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This is the glorious by-product you’ll receive upon harvesting all that wonderful grease. I came up a little short on the amount of grease I was looking for, so I just put in some fat trimmings. Worked out roughly the same, but next time I wouldn’t use a filet.

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This is the whiskey in process. Yeah, it kind of looks like a murder scene. But it smells all buttery and a little sweet in a way that’s very off putting with the view. Whatever you do, DO NOT DRINK THIS. It’s a heart stopper.

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And ba-BAM. The finished product. You can see on the left that it’s perfectly clear and clearly delicious.

If you want to be a little conservative about your all natural steak flavor, just reduce the amount of fat going into that whiskey. One thing you DO NOT want to do is skimp out on the coffee filter step. 

Personally, I only use a French press at home for my caffeine fix, and was not at all interested in putting on pants to go to the store. So I thought just doubling up a couple sieves would work. It doesn’t work. Once the whiskey comes out of the freezer, it looks like a cross between cloudy beer and river water. Neither of which a whiskey should look like.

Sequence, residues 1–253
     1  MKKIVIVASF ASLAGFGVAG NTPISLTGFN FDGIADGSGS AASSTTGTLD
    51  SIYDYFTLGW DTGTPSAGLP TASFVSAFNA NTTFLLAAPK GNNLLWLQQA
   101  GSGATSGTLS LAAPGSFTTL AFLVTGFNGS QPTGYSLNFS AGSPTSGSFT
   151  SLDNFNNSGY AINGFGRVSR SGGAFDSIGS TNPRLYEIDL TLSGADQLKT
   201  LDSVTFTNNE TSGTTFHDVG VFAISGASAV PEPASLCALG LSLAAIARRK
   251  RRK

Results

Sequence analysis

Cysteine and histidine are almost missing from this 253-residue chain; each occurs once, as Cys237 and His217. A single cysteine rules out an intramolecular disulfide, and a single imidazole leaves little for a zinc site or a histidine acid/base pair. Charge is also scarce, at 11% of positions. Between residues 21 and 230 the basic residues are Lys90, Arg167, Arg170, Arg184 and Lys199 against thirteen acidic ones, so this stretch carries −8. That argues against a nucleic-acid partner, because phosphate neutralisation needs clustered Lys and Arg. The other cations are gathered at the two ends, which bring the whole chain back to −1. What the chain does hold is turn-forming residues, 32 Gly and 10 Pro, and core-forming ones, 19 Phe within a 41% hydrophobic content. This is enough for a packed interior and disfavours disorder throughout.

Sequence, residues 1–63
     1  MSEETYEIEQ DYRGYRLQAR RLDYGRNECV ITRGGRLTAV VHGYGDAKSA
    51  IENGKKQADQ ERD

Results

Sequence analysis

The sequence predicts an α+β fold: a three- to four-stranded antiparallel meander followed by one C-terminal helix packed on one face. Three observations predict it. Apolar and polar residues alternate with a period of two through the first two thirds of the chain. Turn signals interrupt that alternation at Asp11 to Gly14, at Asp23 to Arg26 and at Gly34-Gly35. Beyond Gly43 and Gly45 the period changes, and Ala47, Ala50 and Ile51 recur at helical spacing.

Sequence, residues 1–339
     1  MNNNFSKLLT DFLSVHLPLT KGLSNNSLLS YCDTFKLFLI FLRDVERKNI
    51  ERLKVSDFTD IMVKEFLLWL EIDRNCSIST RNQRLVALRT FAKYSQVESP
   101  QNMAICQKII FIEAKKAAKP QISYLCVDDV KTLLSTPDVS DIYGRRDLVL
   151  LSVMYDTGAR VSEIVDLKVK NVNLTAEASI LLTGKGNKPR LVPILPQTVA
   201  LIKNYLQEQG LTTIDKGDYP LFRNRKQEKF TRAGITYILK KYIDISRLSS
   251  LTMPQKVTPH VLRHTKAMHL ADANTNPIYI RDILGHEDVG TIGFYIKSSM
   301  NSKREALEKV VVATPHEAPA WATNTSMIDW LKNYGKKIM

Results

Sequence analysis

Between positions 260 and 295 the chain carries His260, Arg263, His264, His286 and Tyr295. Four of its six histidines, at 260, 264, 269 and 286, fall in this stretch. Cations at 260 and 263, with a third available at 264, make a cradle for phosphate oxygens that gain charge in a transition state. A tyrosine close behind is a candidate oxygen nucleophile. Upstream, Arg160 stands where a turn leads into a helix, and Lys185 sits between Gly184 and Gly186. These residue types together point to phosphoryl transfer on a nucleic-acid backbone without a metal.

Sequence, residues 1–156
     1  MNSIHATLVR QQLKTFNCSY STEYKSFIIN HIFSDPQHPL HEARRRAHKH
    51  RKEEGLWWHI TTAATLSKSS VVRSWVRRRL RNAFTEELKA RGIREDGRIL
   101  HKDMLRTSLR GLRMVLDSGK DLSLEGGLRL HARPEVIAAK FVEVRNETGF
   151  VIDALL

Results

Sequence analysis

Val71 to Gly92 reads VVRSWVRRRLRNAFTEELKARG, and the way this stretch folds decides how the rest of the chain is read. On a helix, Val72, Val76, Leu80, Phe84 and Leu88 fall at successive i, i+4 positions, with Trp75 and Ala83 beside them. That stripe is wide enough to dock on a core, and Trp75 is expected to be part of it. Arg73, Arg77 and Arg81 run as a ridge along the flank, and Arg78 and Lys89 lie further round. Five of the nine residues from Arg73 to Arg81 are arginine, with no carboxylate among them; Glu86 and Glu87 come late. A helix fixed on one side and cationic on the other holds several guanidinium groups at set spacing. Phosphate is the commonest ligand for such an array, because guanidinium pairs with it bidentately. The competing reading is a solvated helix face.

The only way to clean up this toxic spill of lipids is with coffee filters. Also, if you don’t do this, you’re drinking straight up liquified fat in an alcohol syringe. So, for your health and the sanity of your loved ones, get some coffee filters.

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The result is drinking a whiskey that eats like a steak. Just like looking at Figure with Meat is looking at fine art that feels like a nightmare. Honestly, it’s one of the most interesting sips of whiskey I’ve ever had. It’s worth examining sip by sip.

Sniffing the Neat ‘N Greasy and… there’s something wrong. Not a present danger, just something off. The merging of the familiar and the unknown. Sip one. The steak grease leaves a charred, bloody flavor almost reminiscent of ocean brine. Like drowning in the tears of the god that created you. Sip two. Letting the drink settle on your palate, taking a moment to breathe, and the alcohol is oddly tamed, as the fires at Hell’s farthest wrung. The very purlieu of damnation. Sip three, too fast, and the liquor lashes your throat in retribution for trying to consume the knowledge that should be left to wiser philosophers. Sipping, over and again, until you’re light headed and crawling. Hoping to find the answer to questions unspoken. And then it’s gone. You’ve drank it all and there is no succor at the bottom of your glass. Just wonder stained by sulphur. And Bacon’s painting, maniacal and robed in carcasses, at the corner of your eye.

Overall, I give it an A-. You should give it a shot. Just remember to pick up your coffee filters.

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By Clayton

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Clayton Schuster